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|Title:||Essays on Forecasting Life Expectancy and Fiscal Sustainability||Authors:||TAN SIOK HONG||Keywords:||Forecasting, Life Expectancy, Mortality, Fiscal Sustainability||Issue Date:||6-Jan-2011||Citation:||TAN SIOK HONG (2011-01-06). Essays on Forecasting Life Expectancy and Fiscal Sustainability. ScholarBank@NUS Repository.||Abstract:||This thesis covers three broad objectives. Firstly, we extend an existing popular mortality model to improve forecasts of life expectancy rates. Secondly, we use the improved demographic projections as inputs and show that it is capable of enhancing the performance of term spread in generating forecasts of GDP growth rates. Lastly, as mortality changes directly affect fiscal sustainability, we use the improved demographic projections to examine the fiscal impacts of population ageing in Singapore. The Lee-Carter (LC) model is a popular model but being a simple model, it assumes homoskedasticity. We value-add to the existing literature by relaxing this assumption. Essay one first extends the classical LC model with GARCH-type structures to allow for volatility clustering in its time-varying component. This allows us to model the presence of conditional volatility in mortality rates. Next, the model is extended with time-varying multivariate GARCH models to account for the presence of conditional correlations between the male and female mortality series. We show that modeling both the presence of conditional volatility and correlations offer the greatest improvements to forecasts of life expectancy at birth and at retirement age. Term spread has been commonly used to forecast GDP growth rates but evidences of its forecasting ability have been mixed across countries and overtime. There are also signs that its forecasting ability has declined over the years. In essay two, we seek to examine both the relevance of term spread as well as the contributions of mortality indexes in forecasting GDP growth rates. We first use multivariate GARCH models to investigate the evidence of conditional correlations between GDP growth rates, term spreads and mortality indexes, which has not been attempted in the literature. Next, we show that including the use of conditional volatility of male mortality indexes, together with term spreads, helps to improve forecasts of GDP growth rates. This finding supports that the improved demographic forecasts in essay one using LC method extended with multivariate GARCH model has important and useful implications towards macroeconomic forecasting. Demographic changes produce direct and significant effects on fiscal sustainability and with a rapidly ageing population in Singapore, the demographic shift caused by a shrinking working age group and smaller income tax base is expected to impose increasingly important fiscal implications. In order to derive an accurate assessment of future fiscal burdens brought about by demographic pressures, it is important to have accurate projections of future population changes. Using the methodology of stochastic demographic projections obtained from the LC method extended with time-varying multivariate GARCH model in essay one, we project how the population ageing problem is expected to worsen in Singapore and how it will impact the government fiscal position over the next twenty years. In addition to the case of pure demographic effects, we also included several calibration analysis to account for an increase in immigration figures, an extension of retirement age, an increase in female labor force participation rates, and an increase in labor force productivity rates. The calibration results supports that the rate of decline in the fiscal support ratio under the baseline scenario will be moderated with higher immigrant inflow, extended retirement age, larger female labor force and higher labor force participation rates.||URI:||http://scholarbank.nus.edu.sg/handle/10635/29909|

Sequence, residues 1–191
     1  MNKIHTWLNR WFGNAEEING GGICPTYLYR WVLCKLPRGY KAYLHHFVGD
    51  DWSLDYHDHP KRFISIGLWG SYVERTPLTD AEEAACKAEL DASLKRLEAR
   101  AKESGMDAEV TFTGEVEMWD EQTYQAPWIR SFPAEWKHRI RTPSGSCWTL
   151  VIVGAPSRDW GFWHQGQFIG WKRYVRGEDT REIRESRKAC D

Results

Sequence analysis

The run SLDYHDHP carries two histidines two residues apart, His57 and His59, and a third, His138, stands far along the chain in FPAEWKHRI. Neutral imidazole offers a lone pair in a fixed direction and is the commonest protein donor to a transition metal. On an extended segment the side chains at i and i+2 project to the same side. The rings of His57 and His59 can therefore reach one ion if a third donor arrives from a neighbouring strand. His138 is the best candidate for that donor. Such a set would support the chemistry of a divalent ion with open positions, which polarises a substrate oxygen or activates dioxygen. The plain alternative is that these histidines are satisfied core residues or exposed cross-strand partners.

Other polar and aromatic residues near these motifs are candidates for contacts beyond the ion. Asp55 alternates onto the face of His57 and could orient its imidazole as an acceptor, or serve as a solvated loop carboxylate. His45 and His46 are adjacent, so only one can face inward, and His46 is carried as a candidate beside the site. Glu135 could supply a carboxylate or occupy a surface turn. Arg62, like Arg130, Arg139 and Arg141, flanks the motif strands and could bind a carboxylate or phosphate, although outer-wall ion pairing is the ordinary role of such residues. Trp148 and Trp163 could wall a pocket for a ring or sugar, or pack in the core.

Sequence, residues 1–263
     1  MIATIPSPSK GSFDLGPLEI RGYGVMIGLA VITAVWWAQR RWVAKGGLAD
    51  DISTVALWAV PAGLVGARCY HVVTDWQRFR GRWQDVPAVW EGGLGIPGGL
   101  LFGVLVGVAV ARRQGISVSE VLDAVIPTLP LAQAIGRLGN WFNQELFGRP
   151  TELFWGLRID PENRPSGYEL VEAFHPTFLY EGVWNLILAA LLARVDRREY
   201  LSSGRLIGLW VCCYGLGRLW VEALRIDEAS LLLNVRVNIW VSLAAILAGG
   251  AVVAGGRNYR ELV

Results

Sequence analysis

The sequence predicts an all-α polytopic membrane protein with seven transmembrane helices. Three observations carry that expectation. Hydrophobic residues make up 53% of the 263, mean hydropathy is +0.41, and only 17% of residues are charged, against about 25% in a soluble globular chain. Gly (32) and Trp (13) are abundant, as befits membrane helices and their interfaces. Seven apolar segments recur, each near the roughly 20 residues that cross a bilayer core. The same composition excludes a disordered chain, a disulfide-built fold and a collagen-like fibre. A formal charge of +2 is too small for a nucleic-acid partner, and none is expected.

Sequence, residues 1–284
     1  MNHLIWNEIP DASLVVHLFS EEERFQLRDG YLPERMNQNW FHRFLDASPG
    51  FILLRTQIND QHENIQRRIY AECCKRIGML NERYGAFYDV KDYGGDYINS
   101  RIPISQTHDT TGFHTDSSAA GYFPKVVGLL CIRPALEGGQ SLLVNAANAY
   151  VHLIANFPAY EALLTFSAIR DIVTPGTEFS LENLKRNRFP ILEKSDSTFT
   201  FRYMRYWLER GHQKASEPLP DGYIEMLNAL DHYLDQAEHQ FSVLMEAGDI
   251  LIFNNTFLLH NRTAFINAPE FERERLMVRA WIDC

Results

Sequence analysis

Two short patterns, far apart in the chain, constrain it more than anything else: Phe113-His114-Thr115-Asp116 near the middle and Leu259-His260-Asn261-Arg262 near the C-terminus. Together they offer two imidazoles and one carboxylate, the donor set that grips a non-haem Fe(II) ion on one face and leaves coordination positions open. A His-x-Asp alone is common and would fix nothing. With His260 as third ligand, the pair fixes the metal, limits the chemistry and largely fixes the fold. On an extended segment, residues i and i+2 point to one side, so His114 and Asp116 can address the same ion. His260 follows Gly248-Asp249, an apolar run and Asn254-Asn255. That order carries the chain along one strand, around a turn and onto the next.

|Appears in Collections:||Ph.D Theses (Open)|
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